Anti-hate crimes proposals have been around for a long time in Pennsylvania, but the 2018 synagogue shooting in Pittsburgh inspired us to go back to the drawing board and create four bills that would not only update Pennsylvania’s hate crime statute to be fully inclusive of all protected identity characteristics, but also prioritize education and training to improve reporting and center the voices of impacted communities in the courtroom.
The FBI’s most recent report on hate crimes revealed not only the highest number of reported crimes in more than two decades, but also that hate crime offenses across the country were more violent than in previous years.
We can – and must – do better.
We cannot legislate what is in people’s hearts. But we can take steps to lead by example and ensure that mechanisms are in place to support targeted communities across Pennsylvania who are impacted hate-fueled criminal acts. And we can send a message to those who would target others simply because of their protected identities – that we, as a society, will not tolerate such acts and will stand with those impacted.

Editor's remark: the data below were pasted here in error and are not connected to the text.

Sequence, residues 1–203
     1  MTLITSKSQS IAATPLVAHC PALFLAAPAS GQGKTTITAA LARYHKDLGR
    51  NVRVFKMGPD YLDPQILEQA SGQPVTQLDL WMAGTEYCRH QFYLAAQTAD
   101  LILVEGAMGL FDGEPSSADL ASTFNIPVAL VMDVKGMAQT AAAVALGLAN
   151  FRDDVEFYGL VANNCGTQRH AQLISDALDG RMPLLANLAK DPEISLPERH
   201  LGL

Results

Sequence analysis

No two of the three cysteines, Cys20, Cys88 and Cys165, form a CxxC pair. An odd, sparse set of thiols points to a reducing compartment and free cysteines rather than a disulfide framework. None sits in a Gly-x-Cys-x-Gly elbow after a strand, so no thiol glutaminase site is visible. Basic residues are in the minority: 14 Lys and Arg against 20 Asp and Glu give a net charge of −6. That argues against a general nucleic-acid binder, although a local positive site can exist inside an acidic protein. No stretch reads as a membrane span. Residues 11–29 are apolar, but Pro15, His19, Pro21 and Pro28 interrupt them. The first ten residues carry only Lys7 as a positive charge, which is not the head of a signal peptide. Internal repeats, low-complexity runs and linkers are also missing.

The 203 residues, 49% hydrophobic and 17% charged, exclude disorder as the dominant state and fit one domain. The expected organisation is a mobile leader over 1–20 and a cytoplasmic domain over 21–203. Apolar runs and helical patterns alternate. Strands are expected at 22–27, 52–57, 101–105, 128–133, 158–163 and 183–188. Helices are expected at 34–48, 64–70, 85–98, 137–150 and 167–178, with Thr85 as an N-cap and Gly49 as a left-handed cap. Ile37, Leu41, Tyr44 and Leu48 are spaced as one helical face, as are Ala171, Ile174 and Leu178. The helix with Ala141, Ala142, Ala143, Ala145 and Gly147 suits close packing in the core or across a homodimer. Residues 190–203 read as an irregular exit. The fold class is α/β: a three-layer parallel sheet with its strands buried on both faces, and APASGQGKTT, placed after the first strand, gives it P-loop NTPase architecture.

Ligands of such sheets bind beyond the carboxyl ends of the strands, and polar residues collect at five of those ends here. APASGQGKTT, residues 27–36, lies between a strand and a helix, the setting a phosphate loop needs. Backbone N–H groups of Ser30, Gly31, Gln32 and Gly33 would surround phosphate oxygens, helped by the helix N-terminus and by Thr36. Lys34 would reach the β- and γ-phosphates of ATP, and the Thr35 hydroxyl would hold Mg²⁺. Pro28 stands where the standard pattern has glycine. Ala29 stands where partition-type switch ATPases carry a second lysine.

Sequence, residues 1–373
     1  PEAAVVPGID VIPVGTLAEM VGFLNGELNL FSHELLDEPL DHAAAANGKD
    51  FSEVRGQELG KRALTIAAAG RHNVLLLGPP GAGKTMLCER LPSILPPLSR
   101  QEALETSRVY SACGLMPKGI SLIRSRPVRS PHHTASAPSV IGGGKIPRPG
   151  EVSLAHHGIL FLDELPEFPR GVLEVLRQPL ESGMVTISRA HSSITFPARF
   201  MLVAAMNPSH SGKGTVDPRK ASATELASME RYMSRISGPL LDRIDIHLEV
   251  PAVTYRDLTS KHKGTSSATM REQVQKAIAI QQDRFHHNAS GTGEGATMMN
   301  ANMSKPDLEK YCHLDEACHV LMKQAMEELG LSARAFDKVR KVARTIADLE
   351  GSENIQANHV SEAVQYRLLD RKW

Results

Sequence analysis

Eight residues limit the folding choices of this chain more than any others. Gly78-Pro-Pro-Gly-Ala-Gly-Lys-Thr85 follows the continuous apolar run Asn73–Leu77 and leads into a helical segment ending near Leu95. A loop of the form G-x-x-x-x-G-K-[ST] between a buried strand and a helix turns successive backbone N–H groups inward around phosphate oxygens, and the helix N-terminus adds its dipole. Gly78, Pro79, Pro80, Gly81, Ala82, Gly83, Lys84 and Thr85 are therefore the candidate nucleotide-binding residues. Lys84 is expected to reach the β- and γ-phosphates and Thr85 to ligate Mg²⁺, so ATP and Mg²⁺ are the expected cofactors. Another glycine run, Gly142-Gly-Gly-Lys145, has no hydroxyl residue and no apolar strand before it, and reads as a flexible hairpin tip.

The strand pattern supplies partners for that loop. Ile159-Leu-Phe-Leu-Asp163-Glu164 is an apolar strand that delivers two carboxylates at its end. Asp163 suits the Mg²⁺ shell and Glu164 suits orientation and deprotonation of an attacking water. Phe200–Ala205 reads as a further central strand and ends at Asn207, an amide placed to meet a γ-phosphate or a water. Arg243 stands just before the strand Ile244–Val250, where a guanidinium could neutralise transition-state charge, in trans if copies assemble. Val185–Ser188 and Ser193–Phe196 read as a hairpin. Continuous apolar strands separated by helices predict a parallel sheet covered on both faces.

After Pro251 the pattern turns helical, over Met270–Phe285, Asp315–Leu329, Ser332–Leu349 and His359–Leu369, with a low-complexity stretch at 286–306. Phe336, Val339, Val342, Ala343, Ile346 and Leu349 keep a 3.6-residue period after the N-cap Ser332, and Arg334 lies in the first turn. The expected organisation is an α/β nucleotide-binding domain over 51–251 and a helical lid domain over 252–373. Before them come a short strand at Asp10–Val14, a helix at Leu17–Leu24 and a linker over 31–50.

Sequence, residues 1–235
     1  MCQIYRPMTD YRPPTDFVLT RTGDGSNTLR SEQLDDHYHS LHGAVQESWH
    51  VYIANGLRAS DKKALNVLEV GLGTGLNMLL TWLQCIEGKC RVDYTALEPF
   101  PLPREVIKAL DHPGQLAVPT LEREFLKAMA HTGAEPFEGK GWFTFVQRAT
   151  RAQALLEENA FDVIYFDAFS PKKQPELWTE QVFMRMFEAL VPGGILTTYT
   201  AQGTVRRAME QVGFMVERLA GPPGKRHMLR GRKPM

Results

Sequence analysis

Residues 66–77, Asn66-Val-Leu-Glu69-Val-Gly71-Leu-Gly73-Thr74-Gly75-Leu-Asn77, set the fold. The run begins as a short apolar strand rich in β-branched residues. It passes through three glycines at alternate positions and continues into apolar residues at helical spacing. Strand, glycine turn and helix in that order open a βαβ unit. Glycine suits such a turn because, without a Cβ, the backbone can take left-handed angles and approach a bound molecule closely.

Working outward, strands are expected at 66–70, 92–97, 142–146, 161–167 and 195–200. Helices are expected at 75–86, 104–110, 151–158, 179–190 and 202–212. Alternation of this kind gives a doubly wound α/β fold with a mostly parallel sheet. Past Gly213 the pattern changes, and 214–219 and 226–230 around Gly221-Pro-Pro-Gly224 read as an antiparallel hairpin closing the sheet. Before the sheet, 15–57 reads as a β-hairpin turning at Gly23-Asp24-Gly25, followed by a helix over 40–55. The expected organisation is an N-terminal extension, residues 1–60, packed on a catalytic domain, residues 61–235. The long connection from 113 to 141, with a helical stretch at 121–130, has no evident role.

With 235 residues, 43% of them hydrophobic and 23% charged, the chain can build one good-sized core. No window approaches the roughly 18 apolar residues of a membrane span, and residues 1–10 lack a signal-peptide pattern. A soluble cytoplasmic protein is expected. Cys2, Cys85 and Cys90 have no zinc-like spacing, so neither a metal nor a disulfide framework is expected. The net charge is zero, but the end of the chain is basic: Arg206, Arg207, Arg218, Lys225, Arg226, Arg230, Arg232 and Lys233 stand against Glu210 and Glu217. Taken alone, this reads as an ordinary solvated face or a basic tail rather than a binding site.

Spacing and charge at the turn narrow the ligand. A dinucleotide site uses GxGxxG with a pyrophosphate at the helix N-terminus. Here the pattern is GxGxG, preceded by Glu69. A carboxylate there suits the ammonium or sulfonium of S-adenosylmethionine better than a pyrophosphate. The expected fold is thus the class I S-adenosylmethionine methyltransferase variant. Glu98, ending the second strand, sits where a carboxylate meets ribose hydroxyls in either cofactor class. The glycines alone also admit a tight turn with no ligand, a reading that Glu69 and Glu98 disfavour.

We propose enacting a robust update to Pennsylvania’s hate crimes laws by expanding the list of protected identity characteristics to include sexual orientation, gender identity, and disability, giving targets of hate crimes stronger civil remedies in the courtroom, increasing training for police and educators, encouraging the reporting of hate-based incidents in schools, and providing a mechanism by which those convicted of hate crimes can perform community service or attend classes related to the motivating factor in the crime.